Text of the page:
But why? I’m starting to get to know a few of the ex-pats. Starting to get an idea of where we ought to live. Starting to feel that my wife might not be completely isolated. It sounds like there really is the community out here I’d heard about / hoped for. Ok, Sam still needs to get involved and settle in – but at least today I think it’s possible.

And at work the team – to my great relief – actually seem pretty fucking awesome. Sure, there are challenges. Sure, there are some issues. But they seem to basically want to do the job right. They seem to basically understand what it takes. I’m not sure why that hasn’t always happened, maybe they think they don’t have permission? But perhaps that’s where I come in. After all, if Software Craftsmanship is about anything – it’s about raising the bar, it’s about encouraging other developers to do the right thing, it’s about giving them permission to do it right. So here’s hoping this is a great opportunity to help a team excel, to do the job I believe in and have an influence in an industry I’ve loved for years.

All-in-all – I’m hoping I’ve made an awesome, massive, life-changing decision that will be full of win for all three of us. Of course, having lunch with and meeting people you know off the telly puts the squee level into fucking over-drive. Oh. My. Fucking. God. I really am working here.

Tomorrow will now be an utter piece of shit disaster making me wish I was back in Blighty. Hey ho. Gotta love the roller coaster of life.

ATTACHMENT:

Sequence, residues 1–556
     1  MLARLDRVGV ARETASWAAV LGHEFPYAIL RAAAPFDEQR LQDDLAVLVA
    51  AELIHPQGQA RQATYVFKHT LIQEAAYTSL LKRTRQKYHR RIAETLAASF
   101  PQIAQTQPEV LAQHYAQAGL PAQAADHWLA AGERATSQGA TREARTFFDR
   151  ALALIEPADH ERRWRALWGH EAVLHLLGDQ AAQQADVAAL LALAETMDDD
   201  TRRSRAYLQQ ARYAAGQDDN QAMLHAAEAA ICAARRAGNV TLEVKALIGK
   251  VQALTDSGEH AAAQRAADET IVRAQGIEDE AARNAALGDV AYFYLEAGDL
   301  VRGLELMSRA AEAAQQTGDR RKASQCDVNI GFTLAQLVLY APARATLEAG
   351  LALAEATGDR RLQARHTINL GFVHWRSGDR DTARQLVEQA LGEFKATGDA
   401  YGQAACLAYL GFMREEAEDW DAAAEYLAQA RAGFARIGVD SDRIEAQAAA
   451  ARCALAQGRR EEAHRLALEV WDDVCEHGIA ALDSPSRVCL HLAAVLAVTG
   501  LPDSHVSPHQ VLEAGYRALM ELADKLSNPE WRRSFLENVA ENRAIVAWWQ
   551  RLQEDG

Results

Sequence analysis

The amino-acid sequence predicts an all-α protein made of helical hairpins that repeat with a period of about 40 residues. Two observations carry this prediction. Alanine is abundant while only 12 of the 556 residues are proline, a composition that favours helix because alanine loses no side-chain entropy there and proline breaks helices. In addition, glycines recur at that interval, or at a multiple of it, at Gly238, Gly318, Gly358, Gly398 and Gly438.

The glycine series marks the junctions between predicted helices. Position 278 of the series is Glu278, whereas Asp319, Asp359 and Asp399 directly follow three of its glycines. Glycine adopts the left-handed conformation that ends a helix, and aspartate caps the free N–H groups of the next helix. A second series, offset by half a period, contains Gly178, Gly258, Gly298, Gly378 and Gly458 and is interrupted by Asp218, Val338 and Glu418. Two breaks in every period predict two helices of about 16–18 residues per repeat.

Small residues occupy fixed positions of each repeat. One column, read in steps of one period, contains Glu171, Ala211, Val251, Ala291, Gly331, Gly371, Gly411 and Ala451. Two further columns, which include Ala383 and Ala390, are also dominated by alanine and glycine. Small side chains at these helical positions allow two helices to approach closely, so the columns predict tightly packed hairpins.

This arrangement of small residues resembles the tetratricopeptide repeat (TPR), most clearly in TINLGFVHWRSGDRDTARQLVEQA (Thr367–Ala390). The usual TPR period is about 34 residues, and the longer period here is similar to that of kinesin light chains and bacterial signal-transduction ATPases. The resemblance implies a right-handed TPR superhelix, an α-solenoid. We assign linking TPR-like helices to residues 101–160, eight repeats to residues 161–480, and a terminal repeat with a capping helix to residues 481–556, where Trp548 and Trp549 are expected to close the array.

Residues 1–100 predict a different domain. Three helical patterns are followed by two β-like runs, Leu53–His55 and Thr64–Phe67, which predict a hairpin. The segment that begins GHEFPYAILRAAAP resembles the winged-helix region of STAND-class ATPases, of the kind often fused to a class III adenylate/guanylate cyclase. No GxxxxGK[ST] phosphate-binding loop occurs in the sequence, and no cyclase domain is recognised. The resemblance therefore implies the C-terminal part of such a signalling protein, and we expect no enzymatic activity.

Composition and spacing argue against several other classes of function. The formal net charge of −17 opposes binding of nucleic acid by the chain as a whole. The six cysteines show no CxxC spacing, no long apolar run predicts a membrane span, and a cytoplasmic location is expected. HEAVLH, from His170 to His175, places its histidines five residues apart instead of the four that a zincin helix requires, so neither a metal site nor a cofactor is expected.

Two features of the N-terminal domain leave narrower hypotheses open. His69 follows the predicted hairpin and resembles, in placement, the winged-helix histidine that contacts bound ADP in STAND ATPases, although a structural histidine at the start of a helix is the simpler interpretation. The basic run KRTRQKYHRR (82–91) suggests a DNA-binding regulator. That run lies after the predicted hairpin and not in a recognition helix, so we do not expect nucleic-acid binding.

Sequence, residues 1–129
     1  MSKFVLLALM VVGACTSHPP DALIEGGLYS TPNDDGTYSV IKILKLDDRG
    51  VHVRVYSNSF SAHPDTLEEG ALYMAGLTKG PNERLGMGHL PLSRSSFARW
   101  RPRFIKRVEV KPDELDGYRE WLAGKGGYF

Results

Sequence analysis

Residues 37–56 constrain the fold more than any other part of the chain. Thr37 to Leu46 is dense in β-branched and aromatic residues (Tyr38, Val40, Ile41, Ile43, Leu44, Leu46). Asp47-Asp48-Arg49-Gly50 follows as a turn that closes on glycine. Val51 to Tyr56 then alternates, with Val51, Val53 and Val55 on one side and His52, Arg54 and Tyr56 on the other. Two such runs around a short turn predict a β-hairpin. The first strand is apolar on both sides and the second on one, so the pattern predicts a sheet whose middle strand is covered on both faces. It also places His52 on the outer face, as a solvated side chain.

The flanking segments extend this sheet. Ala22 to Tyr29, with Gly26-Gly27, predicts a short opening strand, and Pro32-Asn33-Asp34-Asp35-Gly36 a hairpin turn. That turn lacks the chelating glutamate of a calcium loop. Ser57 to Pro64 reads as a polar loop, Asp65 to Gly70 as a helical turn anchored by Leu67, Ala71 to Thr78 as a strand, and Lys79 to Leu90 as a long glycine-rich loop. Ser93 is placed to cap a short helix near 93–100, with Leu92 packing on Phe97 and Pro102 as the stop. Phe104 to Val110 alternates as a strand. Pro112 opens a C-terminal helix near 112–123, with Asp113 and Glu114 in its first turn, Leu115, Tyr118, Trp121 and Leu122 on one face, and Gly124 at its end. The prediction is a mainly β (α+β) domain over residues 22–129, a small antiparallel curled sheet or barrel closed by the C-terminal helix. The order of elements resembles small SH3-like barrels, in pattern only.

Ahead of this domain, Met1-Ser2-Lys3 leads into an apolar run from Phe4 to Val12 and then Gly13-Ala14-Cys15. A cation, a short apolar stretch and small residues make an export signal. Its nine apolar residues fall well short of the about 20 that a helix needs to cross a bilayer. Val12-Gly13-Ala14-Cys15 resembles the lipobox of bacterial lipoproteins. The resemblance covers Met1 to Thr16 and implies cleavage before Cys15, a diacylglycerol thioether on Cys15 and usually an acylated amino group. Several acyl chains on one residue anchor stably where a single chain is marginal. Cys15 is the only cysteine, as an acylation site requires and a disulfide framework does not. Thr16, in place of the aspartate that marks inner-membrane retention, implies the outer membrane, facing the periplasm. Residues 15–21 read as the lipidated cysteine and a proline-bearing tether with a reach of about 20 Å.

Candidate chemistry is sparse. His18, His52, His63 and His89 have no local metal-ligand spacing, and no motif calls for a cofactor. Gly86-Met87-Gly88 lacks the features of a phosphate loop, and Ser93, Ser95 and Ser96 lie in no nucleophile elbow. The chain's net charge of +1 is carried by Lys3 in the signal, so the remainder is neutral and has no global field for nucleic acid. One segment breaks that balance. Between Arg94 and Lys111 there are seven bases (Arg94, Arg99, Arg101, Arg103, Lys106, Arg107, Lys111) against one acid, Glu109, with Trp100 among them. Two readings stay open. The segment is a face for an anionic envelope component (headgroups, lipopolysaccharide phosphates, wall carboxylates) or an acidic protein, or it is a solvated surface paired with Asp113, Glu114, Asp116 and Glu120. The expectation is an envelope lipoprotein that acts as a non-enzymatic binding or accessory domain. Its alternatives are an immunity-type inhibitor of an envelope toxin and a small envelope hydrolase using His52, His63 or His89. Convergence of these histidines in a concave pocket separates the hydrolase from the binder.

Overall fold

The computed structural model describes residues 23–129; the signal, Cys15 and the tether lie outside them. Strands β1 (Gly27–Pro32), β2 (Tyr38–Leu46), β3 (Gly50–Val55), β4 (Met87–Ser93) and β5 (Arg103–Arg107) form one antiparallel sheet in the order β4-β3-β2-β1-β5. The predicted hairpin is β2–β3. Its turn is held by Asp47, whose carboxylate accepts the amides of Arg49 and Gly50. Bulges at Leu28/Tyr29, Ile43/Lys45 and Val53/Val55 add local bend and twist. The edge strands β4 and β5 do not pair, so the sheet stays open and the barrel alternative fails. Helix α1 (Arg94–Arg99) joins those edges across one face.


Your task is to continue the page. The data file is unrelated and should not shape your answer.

Apologies to people expecting this to be a blog about technology. Normal techie-ranty-goodness will resume shortly. Life-with-a-capital-L just slightly more on my mind at the minute.

Update: further posts on this topic will be at my new blog, specific to our move to Italy: English South Of Milan.

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We’re drowning in technical debt. We have a mountain to climb and don’t really know where to start. Sound familiar? For many of us working on legacy code bases this is the day-to-day reality. But what to do about it?

How did we get here?

Technical debt is always the fault of those “other guys”. Those idiot developers that were here a few years ago. Morons. Obviously couldn’t code their way out of a game of life if their on-going existence depended on it.

I hate to tell you but: we are those other guys. The decisions we make today will look foolish tomorrow. We’ll have more information then, a different perspective; we’ll know how the product and technology were going to evolve. We can’t know that today, so many of our decisions will turn out to be wrong.